Duckabush River — Every day is Hump Day on this wilderness trail!

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A lush mossy scene along the Duckabush River.


Quick Facts:

Location: The Brothers Wilderness, east Olympic Peninsula

Land Agency: Olympic National Forest

Roundtrip: 10.6 miles

Elevation gain: 2,300 feet

Contact: Hood Canal Ranger District, Quilcene ; Olympic National Forest

Green Trails Map: Olympics East no. 168S

Notes: Recent fire damage-beware of falling snags

Good to Know: kid-friendly, snow free winter hike; dog-friendly, Wilderness rules in effect

Access: At Milepost 310 on US 101 (37 miles north of Shelton; 15 miles south of Quilcene) head west on the Duckabush River Road (FR 2510) for 6.0 miles. Turn right onto FR spur 2510-060 (signed Duckabush Trail) reaching trailhead in 500 feet.

Notes: NW Forest Pass or Intergancy Pass required

 

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The Brothers Wilderness

One of the long portals into the heart of the Olympic backcountry, the Duckabush River Trail travels over 20 miles along its wild namesake. But, there’s no need to go very far on this trail to experience this special valley. A trip of three, four, or five miles up this good trail will deliver plenty of scenery, solitude and perhaps even a chance to spot elk or a bear.

A good portion of the eastern reaches of this trail succumbed to forest fire damage a few years back. But thanks to the hard work of volunteers with the Washington Trails Association, this trail was recently rehabilitated—with damaged tread refurbished and fallen trees removed.

Beginning on an old road bed in second growth fir the trail enters The Brothers Wilderness Area after one mile. Now drop a couple hundred feet to follow an old logging railroad grade. After 2.0 miles of ambling through intact forest, enter the 2011 burn zone at river’s edge. A half mile farther, some remnant giant cedars and firs hang over waves of whisking whitewater. This mesmerizing spot is a good place to turnaround if you’re not inclined to make the 1,000 foot climb up the Big Hump.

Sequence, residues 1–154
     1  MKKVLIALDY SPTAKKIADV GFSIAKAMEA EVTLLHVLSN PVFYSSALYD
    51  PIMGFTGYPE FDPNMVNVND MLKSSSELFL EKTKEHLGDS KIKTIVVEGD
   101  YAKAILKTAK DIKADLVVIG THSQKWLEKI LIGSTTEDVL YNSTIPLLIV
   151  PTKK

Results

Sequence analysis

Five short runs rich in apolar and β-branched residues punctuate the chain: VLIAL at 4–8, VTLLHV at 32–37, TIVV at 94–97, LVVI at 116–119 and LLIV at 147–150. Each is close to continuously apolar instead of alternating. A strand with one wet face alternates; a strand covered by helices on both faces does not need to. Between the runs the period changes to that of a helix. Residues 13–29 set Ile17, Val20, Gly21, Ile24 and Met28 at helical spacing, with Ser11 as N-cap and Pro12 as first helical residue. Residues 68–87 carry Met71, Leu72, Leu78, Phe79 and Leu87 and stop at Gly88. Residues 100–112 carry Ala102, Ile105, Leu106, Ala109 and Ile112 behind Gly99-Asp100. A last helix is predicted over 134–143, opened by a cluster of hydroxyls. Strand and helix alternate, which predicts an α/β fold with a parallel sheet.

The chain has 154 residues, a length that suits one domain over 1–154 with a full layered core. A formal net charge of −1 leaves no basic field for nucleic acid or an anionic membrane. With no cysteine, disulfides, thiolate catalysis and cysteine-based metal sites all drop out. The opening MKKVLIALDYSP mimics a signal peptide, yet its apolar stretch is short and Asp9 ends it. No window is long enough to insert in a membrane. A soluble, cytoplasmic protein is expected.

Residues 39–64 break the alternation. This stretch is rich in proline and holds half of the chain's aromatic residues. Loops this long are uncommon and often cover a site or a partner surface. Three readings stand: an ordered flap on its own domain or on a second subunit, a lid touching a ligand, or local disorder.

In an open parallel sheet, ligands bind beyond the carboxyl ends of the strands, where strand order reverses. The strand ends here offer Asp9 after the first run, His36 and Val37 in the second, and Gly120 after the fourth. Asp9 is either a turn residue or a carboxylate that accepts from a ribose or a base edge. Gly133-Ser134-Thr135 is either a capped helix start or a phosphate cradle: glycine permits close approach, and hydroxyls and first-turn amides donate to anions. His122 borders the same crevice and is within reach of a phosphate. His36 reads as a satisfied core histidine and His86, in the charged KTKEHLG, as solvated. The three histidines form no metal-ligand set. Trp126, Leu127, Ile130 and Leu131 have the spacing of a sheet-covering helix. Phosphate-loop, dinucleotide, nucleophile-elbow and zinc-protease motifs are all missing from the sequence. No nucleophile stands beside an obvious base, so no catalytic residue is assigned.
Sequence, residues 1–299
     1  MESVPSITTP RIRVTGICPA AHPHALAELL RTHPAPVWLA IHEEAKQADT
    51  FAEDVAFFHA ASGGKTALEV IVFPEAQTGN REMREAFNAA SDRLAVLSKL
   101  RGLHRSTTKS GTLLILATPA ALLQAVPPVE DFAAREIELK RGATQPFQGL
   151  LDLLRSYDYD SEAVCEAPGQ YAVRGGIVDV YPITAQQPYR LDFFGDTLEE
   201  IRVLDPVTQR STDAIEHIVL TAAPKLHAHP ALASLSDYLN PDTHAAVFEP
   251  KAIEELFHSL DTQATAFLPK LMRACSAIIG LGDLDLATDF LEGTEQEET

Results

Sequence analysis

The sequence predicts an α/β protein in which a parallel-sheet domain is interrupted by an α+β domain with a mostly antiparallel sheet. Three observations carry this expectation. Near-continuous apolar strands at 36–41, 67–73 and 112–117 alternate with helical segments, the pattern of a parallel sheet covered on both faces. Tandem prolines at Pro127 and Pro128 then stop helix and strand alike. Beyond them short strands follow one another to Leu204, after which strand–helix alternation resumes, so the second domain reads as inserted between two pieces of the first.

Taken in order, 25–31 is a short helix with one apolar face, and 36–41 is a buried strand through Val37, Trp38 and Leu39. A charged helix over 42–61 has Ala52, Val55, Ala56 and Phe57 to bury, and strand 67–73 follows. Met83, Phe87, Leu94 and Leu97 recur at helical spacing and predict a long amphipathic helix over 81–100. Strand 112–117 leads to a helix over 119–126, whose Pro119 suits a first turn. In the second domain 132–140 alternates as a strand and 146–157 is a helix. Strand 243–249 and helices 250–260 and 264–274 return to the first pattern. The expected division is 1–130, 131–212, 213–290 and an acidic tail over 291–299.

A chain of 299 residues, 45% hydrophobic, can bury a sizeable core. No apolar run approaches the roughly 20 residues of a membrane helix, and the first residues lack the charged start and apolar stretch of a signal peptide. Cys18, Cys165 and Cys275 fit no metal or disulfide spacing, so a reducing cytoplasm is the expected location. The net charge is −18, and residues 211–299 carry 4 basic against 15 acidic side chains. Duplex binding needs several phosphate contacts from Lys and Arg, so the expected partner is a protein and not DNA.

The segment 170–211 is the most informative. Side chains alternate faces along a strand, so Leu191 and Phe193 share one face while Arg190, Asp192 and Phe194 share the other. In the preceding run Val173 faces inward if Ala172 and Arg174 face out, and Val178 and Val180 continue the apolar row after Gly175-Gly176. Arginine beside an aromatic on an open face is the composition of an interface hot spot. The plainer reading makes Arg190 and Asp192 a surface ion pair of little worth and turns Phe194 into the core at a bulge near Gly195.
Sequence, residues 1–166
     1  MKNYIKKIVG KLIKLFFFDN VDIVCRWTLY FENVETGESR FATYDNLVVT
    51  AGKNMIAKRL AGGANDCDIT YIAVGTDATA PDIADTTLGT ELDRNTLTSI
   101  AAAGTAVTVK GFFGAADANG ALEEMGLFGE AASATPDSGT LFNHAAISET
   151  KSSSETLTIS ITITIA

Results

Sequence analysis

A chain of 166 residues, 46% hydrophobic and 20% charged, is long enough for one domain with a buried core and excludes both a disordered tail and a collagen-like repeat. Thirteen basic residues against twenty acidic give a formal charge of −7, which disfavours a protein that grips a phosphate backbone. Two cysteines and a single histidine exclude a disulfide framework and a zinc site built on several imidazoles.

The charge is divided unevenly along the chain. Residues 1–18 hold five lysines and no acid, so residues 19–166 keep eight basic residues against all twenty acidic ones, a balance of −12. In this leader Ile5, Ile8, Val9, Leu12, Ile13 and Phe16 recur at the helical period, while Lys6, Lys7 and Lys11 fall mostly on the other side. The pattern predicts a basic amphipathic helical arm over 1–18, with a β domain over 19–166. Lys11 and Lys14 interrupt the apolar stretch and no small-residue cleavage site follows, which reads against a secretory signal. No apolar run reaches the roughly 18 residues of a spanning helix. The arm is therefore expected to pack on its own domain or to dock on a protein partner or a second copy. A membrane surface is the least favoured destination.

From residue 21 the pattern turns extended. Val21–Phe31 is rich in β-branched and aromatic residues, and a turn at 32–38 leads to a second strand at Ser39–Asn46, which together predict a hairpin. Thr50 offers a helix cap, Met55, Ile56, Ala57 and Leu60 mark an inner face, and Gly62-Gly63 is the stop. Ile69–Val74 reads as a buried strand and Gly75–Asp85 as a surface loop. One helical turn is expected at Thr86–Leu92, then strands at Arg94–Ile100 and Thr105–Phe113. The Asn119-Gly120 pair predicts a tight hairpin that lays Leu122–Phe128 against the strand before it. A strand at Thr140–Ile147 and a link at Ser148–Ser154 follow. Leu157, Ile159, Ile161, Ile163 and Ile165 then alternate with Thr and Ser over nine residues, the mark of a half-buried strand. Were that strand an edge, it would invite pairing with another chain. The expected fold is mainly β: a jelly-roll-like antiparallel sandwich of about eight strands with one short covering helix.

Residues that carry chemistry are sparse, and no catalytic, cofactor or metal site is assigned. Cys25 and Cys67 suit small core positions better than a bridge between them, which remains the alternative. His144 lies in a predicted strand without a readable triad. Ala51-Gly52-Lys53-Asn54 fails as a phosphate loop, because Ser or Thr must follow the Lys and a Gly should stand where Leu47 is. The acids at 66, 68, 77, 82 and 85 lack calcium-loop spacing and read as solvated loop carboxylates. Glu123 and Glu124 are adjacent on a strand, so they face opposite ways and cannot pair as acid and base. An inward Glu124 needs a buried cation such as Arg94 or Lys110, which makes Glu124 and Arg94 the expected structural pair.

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Nice view from The Hump

Otherwise grab a snack-fuel-up-and continue. Twisting and turning via tight switchbacks the trail makes its way up this valley obstacle. At about 3.5 miles emerge onto a ledge with a spectacular view east down the river and all the way out to the Cascades. Impressive St. Peter’s Dome hovers to the south. More spectacular than the view however, is the spring floral show now in session. Batches of fawn lilies line the ledges. Hardy fire-scarred trees stand among stands of fire-ravaged timber.

Encounter one more outcropping before cresting the Hump. Now, through cool old growth begin descending. After dropping 650 feet the trail once again reaches the river. Here 5.3 miles from the trailhead, a well-worn camping area near a series of impressive rapids makes a good spot to call it quits. Rest up, for you’ll need to head over the Hump again on your way home.

For more information (including maps and trip planning) on this hike and other Olympic Peninsula hikes, consult my best-selling Day Hiking Olympic Peninsula and Backpacking Washington books (Mountaineers Books).Day Hiking Oly Book

For information on where to stay and on other things to do on the Olympic Peninsula, check out Northwest TripFinderNWTFmasthead_layers15

All content and images on this site are copy written material and MAY NOT be used without the written permission from Craig Romano, owner of Hike of the Week.

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